That being said, virtual lessons have allowed students to take classes from leading dancers from around the globe, all from the comfort of their own home. Even within the instability and loss, dancers continue to cultivate creative new ideas to reach their students and inspire a passion for dance.
Dance Demographics In 2021
Dance demographics allow us to take a closer look at the dance industry as a whole. By researching these numbers, we can learn more about the people who take an interest in dance and choose to pursue it as a profession. These stats also highlight the greater need for diversity and inclusivity—both in professionals and teachers—as we welcome a new generation of students into our classes.
Here are some of the most recent data available on dance demographics.
- More than 80% of dancers and choreographers are female, making them the more common gender in the occupation.
- The average age of male dancers and choreographers in the workforce is 31.8.
- The average age of female dancers and choreographers in the workforce is 27.1.
- Diversity across dancers and choreographers breaks out with 62% identifying as white (non-hispanic), 11.3% white (Hispanic), 11.7% as Black, 6.11% as Asian, and 6% identifying with multiple races/ethnicities or other.
How Many Professional Dancers Are There In The U.S.?
Dance statistics related to dance as a profession are also important. This is what we know about the current state of the professional dance industry, based on the most up-to-date research.
- The median hourly wage for dancers is $19.96.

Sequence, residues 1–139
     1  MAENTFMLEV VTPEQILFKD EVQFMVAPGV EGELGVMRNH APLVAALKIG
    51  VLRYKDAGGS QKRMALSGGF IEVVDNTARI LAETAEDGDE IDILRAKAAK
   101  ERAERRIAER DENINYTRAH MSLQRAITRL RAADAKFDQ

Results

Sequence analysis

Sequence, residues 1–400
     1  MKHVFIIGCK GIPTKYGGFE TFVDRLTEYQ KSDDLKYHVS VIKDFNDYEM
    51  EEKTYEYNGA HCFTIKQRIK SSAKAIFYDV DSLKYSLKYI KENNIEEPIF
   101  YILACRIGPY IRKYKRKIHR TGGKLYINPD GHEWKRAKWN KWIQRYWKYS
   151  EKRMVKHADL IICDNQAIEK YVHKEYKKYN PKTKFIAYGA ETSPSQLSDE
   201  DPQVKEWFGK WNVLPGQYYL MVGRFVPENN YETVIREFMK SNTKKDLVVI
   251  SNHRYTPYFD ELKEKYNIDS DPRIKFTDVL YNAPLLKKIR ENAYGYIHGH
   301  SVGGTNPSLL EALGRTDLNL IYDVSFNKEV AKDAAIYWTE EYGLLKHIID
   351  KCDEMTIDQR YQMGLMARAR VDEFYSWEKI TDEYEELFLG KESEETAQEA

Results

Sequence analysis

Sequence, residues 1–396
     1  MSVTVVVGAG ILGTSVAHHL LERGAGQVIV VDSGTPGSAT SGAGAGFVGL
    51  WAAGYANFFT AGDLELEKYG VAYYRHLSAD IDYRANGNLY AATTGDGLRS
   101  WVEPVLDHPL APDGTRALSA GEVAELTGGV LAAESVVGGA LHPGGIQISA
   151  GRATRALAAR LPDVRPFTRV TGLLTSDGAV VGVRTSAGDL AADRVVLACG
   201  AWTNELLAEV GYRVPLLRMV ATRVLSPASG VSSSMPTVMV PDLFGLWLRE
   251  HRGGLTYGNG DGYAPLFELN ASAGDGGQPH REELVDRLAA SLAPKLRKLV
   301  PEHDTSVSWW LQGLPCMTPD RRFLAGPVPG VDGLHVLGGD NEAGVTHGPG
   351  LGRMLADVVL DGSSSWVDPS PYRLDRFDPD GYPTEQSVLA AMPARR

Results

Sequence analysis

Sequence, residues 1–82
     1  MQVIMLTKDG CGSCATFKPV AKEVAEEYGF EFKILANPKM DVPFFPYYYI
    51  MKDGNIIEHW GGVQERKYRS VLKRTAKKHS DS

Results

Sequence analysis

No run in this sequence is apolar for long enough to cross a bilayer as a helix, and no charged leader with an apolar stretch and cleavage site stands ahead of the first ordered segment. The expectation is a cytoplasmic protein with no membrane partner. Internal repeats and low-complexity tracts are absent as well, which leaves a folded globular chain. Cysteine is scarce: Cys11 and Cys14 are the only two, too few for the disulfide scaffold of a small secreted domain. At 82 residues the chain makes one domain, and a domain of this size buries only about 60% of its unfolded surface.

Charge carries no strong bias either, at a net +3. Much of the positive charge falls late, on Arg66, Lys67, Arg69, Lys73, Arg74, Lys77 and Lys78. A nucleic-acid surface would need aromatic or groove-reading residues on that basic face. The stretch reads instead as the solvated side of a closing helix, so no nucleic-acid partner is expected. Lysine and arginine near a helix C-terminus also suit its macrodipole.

- The median hourly wage for choreographers is $30.72.
- The average hourly wage for dance instructors in the U.S. is $23.91, according to PayScale.
- The most common industries employing dancers and choreographers, by a number of employees, are performing arts companies, schools and places of instruction, and spectator sports.
- Colleges, universities, and professional schools represent the top paying industry for dancers.
- New York, California, Texas, Nevada, and Massachusetts are the top five states for dance employment.
Dance Industry Overview In Media
The ever-changing world of technology changes the way we access information and entertainment. Dance as both a hobby and profession is undoubtedly affected by this. With the rise of dance television shows, YouTube channels, TikTok, and Instagram accounts, people have more ways to find inspiration.
Here is a dance industry overview into the influential world of social media.
- Matt Steffanina reigns as the top individual dance choreographer on YouTube with more than 12 million subscribers across four different channels.